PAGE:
Education, Science, Technology and Empowerment of Women: Emerging Evidence of change from Africa
  • January 09, 2012

In recognition of the importance of science and technology for development, the fifty-fifth session UN Commission on the Status of Women (CSW) taking place at United Nations Headquarters in New York from Tuesday, 22 February to Friday, 4 March 2011 is focusing this year on “Access and participation of women and girls to education, training, science and technology, including for the promotion of women’s equal access to full employment and decent work.” 

While girls and women have made significant inroads in education, those gains have not translated fully into increased employment opportunities and better quality jobs.  Women face specific barriers, including discriminatory laws, restrictive social norms, limited access to information and social networks, and unequal sharing of responsibilities within the household.  

In order to discuss how to overcome these barriers, UNDP, UNCDF and UN Women, in partnership with the civil society organizations Kuwa Ajabu Foundation, MEMPROW and Blue Rain organized a side event on “Education, Science, Technology and the Empowerment of Women: ‘Emerging Evidence of change from Africa”, to showcase results of supported initiatives. The event provided a forum to discuss the gender dimensions of education, training, science and technology, and how these facilitate or constrain women’s access to full and decent employment, focusing on practical experiences, lessons learnt and strategic options to improve policy and programming.  

Panelists agreed that science education is essential since the global economy is increasingly knowledge-driven and requires an educated workforce that is able to apply existing technology and develop new technologies to combat poverty and adapt to emerging issues such as climate change. Ensuring that women acquire the necessary skills and competencies in science and technology is an economic imperative; it also empowers women and girls to make informed decisions on critical aspects of their lives.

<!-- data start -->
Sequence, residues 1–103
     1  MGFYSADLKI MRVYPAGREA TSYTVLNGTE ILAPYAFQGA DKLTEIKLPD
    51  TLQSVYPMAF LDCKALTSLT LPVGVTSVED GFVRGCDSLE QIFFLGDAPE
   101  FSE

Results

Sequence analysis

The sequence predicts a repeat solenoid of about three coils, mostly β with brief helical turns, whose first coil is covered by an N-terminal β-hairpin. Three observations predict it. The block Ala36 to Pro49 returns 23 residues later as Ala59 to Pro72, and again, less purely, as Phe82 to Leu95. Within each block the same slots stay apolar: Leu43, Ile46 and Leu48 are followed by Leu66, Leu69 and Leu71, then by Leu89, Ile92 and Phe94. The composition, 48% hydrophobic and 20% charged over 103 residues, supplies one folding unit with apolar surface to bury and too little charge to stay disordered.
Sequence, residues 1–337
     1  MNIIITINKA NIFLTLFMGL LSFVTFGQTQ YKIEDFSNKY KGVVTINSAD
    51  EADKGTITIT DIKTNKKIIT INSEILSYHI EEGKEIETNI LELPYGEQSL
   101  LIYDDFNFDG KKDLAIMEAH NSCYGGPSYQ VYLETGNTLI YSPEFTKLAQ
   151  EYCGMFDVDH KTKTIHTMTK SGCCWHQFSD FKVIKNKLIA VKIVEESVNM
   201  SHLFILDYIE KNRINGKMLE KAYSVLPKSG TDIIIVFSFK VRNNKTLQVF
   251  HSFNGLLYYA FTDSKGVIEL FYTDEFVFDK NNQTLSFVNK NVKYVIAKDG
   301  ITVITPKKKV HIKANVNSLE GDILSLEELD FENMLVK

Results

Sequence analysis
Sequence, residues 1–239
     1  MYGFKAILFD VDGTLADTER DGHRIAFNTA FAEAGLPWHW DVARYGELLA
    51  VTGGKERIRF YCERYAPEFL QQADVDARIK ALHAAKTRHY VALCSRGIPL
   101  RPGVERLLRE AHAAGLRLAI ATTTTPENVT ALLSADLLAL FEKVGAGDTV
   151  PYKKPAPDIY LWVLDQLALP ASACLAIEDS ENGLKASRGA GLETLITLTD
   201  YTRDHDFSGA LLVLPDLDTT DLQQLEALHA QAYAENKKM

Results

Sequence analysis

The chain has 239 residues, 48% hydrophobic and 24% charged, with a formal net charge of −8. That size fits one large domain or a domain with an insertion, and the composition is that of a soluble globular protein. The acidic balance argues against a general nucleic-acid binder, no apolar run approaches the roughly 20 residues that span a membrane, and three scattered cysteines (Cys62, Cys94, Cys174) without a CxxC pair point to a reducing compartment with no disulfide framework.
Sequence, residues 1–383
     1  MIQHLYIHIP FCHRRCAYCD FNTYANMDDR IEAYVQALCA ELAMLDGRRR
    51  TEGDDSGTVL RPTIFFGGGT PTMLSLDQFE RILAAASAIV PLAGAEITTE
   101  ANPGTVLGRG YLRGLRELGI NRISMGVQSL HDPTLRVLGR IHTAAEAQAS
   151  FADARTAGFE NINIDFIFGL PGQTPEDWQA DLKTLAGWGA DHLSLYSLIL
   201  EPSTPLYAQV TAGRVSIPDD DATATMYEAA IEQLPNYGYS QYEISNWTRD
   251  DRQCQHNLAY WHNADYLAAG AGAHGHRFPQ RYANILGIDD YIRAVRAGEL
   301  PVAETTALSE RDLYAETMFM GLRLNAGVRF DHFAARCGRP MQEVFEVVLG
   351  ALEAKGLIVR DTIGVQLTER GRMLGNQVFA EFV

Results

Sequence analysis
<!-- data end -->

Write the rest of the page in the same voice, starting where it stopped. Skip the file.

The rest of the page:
The experiences shared by representatives of several African Governments shown how science, technology and innovation can be a tool with which to accelerate the achievement of the internationally agreed development goals, including the Millennium Development Goals. Technology can, for instance, facilitate efforts to eradicate poverty, achieve food security, fight diseases, improve education and respond to the challenges of climate change. Installing solar water heating technology in rural clinics, for example, can help prevent infections and contribute to reducing maternal and child mortality. 

The side event also focused on measuring the impact of women’s development programs. “Investing in women is recognized not only as the right thing to do but also the smart thing to do. Mounting evidence demonstrates that increases in women’s income lead to improvements in children’s health, nutrition and education” said Mr. David Morrison, UNCDF Executive Secretary. “But measurement is crucial when talking about women’s empowerment. We need to start now about how to improve our understanding of what constitutes progress. More work is needed to develop indicators to guide our future efforts. In particular, we should be focused on outcome and not inputs.” he said. 

Despite the efforts, gender equality and science and technology too often continue to be seen as distinct issues. The UNDP/UNCDF/UN Women side event confirmed that policymakers have a key role to play in integrating a gender perspective in science, technology and innovation. To harness the full potential of science and technology for development, Governments must ensure that women have equal access to science and technology knowledge and skills, that they participate equally in developing and applying knowledge, and that research content and technology development and deployment respond to the needs of both women and men.